Agreed. As-salamu alaykum - Peace be upon you.
"In some Muslim communities, tests as simple as choosing a mate, dating or
clothing can be life or death where dishonor can legitimize horrific abuse and
even murder — most often of women. While most Muslims do not subscribe to
such toxic definitions of honor, until our Muslim communities address the
pre-eminent, God-given rights of bodily autonomy, safety and freedom of
conscience, neither the fifth nor any of the other commandments will be truly
honored. If honor were a 12-step program, our communities are still in the first
step of denial."I hope we all realize and appreciate the courage
it takes for Dr. Jasser, a Muslim, to make that statement.
I disagree that parents need to earn their children's honor. If a parent is
decent, loving and provides for their children's needs, I think that
children owe their parents a debt of gratitude and honor. I did the math and
found that a parent is "on duty" for 175,200 hours from the birth of a
child through age twenty. They are responsible for 20,900 meals, about 50,000
pieces of laundered clothing and accoutrements as well as moral, social,
physical and emotional development. Recent studies show that it costs over
$241,000 to raise a child in America at this time. I don't know of any
other job that a person would undertake that carries that responsibility, cost
and sacrifice without a paycheck, benefits or retirement. Perhaps
Dr. Jasser's perspective speaks to his experience as a member of the Muslim
community, especially when he mentions that a parent can have a child killed for
dating or dressing improperly. I believe that in our Judeo-Christian culture,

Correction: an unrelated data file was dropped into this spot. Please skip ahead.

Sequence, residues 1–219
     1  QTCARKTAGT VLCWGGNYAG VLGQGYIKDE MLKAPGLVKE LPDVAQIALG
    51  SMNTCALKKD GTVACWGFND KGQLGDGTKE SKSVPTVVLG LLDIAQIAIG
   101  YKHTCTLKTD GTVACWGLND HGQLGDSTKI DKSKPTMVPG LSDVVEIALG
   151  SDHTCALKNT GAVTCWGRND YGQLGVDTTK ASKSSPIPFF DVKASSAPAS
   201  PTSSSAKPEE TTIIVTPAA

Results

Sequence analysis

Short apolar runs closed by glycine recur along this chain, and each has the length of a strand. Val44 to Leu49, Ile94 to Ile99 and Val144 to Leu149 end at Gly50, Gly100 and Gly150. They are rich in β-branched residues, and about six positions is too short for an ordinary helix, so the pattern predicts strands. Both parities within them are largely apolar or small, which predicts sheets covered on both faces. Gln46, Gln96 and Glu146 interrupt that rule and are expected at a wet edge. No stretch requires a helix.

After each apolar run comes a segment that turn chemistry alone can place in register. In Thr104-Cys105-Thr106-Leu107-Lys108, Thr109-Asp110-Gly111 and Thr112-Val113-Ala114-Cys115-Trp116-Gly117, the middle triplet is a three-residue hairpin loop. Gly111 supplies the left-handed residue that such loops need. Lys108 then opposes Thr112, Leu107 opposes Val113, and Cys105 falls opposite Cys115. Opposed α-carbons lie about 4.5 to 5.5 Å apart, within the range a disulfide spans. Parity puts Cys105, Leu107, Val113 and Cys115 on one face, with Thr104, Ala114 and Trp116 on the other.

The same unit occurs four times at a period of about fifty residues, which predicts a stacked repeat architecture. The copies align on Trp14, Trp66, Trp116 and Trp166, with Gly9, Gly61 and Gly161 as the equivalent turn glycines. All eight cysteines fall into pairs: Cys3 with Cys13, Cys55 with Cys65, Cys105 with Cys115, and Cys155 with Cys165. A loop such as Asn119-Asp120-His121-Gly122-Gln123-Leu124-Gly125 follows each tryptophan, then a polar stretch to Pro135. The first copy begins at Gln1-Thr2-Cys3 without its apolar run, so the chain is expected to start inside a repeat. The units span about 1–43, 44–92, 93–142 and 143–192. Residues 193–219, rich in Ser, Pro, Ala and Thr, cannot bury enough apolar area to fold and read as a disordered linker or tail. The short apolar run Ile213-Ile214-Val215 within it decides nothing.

children need to honor their parents as directed by God in the Fifth Commandment
without the parents having to do anything more to earn that respect.
I love my mom and dad more than anything. I can truly say that God gave so much
when He put me with them! i can honestly look back and say that I have had a
wonderful life! I was happy and I always felt their love! I hope that I honor
them as I should.
We have been given life, which is reason enough to honor our parents. If they
are "good" to us, that is a bonus. I was raised in a kind and loving
home, so that was a bonus. Life, the opportunity to experience
mortality, is a gift that few appreciate. There have been over 55,000,000
abortions in the United States since Roe v Wade. Those babies did not have the
opportunity to draw a breath. If we live, we owe our parents. If our parents
do their duty to raise us honorably, we have an additional debt. How many "children" have destroyed their lives by rebelling against
parents? "That thy days may be long" is a promise IF we are obedient.
Learning obedience is difficult for many, but it is the first law. Saul was
told that obedience if more important than sacrifice. If we are
obedient, first to our Creator, our Father in Heaven, and then to our parents,
we will not make "stupid" mistakes. We will be spared from much of the
suffering and trauma of life.
Any conscientious parent will deserve honor and respect by simply doing their
duty - which is not simple, nor is it easy.
We all know people who honored their parents yet died young.This
commandment only makes sense in the context of re-incarnation. If you honor
parents you are given the opportunity to find an other set of parents (soon) so
that you may live on the earth again.
Dr. Jasser is being disingenuous here. He cites the Koran to show how Islam
promotes honoring one's parents. However, he deliberately does not cite
those portions of the Koran which admonish Moslems NOT to honor their parents if
their parents are not believing Moslems. For example, Koran 60.4 tells Moslems
that Abraham is "an excellent example to follow" when he told his
parents, "We have rejected you, and there has arisen between us and you
enmity and hatred forever -- unless ye believe in God and Him alone."
Elsewhere, Allah in the Koran (8:55 and 98:6) calls non-Moslems "the vilest
of creatures" and the "lowest of animals" -- and that includes
one's parents if one's parents are not Moslem believers.